Learn more about the bonded title process!

Titling restrictions by model year

In some states, titles are not required or optional for certain model-year vehicles. Typically, these model years vehicles are upwards of 25+ years old. For example, in Georgia, you can obtain a vehicle registration that is equivalent to a title for model years 1962 and older. Because titling is not required for these vehicles, similar to the Vermont title loophole, the Georgia registration document is equivalent to a title for that vehicle.

Overall, unless your vehicle meets these specific requirements, it will likely not be possible to get a title using only a bill of sale. But if your vehicle meets this criteria, these are very valuable and reputable methods to obtain a vehicle title. takes the hassle out of applying for a title for your vehicle. Our team of title experts can help prepare your paperwork for any title method provided.

MV907A New York Salvage Title Process Explained

Do you currently have a vehicle with an MV907A from New York that needs to be transferred to a vehicle title? New York, like some other states, allows for salvage vehicles to be rebuilt and titled for future road use. Unlike other states, New York is notorious for its rigid and strict inspection and titling procedures for these brands of vehicles.

What is form NY MV907A?

If you’ve purchased a vehicle from auction, you’ve likely received a salvage certificate known as form MV907A. This form is not equivalent to a vehicle title but is used as official proof of ownership to obtain a vehicle title, according to the New York DMV.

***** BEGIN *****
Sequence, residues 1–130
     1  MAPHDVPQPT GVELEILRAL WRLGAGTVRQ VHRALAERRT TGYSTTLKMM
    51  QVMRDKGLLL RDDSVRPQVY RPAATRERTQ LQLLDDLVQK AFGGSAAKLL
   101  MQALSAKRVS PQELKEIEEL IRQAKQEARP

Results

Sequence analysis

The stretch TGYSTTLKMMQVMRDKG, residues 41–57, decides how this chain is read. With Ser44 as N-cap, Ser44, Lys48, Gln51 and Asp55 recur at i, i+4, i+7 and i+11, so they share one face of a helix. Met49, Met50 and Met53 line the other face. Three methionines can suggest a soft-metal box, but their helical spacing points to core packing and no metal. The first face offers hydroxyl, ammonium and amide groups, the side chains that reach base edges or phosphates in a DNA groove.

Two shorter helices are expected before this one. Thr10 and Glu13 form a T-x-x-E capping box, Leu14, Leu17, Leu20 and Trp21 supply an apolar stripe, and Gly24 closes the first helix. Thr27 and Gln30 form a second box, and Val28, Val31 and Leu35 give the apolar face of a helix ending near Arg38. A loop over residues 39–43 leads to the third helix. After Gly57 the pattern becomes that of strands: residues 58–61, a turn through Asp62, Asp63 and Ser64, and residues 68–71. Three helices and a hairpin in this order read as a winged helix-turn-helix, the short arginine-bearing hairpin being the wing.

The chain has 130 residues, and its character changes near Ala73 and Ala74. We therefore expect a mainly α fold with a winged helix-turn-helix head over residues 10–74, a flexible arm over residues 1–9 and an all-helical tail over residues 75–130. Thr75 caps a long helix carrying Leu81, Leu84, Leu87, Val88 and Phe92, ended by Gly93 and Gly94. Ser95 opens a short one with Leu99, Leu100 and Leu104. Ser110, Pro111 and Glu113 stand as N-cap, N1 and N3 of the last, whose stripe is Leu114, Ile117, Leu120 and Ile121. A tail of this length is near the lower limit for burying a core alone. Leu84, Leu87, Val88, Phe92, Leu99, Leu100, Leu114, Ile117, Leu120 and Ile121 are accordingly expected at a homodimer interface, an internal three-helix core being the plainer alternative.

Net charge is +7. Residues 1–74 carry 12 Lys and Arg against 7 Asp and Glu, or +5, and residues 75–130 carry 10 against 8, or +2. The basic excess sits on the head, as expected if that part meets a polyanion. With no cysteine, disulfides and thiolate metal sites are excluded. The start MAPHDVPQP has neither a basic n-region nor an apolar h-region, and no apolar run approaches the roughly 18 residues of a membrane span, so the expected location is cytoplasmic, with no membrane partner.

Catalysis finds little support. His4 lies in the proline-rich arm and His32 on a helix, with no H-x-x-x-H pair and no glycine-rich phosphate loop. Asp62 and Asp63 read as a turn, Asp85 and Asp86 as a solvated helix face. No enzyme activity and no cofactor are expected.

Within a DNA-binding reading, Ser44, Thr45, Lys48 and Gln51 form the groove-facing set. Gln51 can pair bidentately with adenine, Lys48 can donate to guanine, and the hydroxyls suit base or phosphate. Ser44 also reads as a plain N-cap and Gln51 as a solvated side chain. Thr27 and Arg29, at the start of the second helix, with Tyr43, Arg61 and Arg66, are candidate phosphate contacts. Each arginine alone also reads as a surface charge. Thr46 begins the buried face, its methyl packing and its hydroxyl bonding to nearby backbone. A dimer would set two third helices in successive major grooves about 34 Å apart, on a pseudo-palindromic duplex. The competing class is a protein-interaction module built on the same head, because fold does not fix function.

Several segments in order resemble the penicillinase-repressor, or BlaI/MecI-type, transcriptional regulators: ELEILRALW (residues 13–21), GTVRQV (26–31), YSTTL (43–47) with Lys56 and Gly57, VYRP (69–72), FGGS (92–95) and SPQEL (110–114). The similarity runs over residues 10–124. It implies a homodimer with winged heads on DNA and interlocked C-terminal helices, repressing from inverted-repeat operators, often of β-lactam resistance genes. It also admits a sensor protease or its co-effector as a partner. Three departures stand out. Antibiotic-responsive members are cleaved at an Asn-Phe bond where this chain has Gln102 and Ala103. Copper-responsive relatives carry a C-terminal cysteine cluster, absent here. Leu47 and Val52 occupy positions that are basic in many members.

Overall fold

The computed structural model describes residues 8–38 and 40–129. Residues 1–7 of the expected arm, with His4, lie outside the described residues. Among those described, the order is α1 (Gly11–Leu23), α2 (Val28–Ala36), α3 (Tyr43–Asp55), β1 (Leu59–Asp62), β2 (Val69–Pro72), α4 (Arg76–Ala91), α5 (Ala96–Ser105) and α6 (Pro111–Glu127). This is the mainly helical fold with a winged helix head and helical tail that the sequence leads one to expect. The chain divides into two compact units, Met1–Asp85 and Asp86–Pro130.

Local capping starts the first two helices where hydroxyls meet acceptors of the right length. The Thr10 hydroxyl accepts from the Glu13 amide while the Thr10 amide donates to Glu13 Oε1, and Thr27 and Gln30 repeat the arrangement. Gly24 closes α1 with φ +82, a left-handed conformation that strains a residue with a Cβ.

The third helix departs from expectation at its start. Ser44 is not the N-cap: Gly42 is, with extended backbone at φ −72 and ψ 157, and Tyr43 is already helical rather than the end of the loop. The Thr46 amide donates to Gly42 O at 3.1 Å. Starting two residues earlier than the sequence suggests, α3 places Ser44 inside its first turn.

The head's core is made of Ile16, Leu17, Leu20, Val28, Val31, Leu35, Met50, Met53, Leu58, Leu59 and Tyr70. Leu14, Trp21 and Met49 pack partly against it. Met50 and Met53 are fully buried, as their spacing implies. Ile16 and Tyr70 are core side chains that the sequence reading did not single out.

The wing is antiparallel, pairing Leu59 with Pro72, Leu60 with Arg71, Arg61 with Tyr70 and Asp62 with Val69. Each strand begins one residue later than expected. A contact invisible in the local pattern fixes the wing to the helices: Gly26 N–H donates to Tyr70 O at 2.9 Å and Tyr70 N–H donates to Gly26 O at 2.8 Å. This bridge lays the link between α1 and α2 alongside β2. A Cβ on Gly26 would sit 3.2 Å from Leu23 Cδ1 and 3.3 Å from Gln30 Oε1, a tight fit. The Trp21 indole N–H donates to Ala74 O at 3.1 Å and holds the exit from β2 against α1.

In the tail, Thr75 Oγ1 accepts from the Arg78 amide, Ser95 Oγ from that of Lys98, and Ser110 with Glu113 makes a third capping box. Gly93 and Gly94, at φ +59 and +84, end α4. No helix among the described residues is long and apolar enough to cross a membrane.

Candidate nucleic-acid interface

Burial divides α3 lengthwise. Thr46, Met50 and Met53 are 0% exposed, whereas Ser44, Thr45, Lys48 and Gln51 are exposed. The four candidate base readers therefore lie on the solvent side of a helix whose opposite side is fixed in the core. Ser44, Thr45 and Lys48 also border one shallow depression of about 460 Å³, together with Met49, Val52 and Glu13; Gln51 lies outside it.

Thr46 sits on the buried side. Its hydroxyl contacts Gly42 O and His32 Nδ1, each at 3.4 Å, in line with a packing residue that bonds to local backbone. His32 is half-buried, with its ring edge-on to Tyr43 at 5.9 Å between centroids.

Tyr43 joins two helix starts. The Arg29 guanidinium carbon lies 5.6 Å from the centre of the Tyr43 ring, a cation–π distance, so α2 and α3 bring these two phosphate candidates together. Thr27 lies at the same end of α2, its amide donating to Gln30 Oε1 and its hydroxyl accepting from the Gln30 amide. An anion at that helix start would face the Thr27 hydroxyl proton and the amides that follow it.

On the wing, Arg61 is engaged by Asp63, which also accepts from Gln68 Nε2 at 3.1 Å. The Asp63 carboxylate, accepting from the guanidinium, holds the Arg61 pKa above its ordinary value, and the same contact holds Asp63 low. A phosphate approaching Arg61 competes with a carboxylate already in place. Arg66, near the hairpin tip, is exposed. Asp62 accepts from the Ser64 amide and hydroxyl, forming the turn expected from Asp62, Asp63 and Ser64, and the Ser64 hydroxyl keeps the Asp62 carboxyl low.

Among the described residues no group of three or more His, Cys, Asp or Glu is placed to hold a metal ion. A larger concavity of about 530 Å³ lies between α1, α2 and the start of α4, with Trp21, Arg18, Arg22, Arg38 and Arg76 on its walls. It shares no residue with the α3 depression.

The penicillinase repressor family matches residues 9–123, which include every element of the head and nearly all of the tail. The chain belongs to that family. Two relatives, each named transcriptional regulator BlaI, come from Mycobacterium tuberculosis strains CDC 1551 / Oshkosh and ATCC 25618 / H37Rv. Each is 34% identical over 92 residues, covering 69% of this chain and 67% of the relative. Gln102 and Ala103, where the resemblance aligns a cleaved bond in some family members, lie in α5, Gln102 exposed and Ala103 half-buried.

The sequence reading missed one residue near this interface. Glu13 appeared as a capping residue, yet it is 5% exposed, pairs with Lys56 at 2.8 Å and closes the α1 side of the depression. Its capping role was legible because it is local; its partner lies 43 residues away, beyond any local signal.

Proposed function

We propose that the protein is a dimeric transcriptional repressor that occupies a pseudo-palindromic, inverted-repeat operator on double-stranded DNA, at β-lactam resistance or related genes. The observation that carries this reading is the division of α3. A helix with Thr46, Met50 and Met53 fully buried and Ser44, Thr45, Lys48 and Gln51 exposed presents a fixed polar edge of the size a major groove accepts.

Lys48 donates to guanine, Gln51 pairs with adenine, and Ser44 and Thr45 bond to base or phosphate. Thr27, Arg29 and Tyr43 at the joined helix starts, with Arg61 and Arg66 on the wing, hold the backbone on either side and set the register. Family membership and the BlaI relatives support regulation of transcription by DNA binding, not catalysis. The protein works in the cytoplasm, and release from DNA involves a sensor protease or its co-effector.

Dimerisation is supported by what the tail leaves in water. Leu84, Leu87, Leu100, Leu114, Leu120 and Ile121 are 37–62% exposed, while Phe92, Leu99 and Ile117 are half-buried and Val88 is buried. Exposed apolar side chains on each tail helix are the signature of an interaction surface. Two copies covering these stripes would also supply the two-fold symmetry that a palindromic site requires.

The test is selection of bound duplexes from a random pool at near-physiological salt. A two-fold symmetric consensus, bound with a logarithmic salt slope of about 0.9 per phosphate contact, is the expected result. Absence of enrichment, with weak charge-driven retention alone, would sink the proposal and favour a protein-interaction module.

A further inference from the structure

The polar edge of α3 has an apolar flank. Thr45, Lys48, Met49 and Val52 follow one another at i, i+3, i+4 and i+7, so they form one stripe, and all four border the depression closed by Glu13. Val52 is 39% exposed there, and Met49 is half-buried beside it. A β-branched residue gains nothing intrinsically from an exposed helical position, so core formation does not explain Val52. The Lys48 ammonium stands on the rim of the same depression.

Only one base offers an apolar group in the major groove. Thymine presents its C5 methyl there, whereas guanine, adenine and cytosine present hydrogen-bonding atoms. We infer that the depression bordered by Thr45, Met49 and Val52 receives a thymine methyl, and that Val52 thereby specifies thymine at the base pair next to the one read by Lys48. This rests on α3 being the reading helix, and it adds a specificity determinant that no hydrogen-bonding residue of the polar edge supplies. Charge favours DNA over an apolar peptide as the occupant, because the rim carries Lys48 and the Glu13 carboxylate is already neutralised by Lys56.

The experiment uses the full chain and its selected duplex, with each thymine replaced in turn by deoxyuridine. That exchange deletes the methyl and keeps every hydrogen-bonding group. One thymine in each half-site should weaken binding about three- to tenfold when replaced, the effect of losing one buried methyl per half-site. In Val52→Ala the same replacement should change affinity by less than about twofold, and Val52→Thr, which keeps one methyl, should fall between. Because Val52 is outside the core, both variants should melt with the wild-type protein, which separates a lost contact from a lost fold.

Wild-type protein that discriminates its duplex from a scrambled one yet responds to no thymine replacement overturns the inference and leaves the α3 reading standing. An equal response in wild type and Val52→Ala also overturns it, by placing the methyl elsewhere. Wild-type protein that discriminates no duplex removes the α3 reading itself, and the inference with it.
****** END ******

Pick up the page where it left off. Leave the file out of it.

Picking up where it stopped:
What defines a salvage vehicle in New York?

In New York, a vehicle is considered salvage if:

  • A vehicle model is 8 years old or newer and
  • The owner has indicated the vehicle was destroyed or received damage of 75% or more of the retail value of the vehicle at the time the damage occurred.

MV907A New York – Inspection Process

Before a salvage vehicle can be officially titled, the vehicle must be inspected by the New York DMV Auto Theft & Salvage Unit. Using the Salvage Examination/Title Application (MV83SAL), provide the following information about the vehicle:

  • Owner information & contact
  • Lienholder information & contact
  • Vehicle identification number (VIN)
  • Year
  • Make
  • Model
  • Body Type
  • Fuel
  • Weight & axles (for trucks and heavier vehicles)
  • Odometer disclosure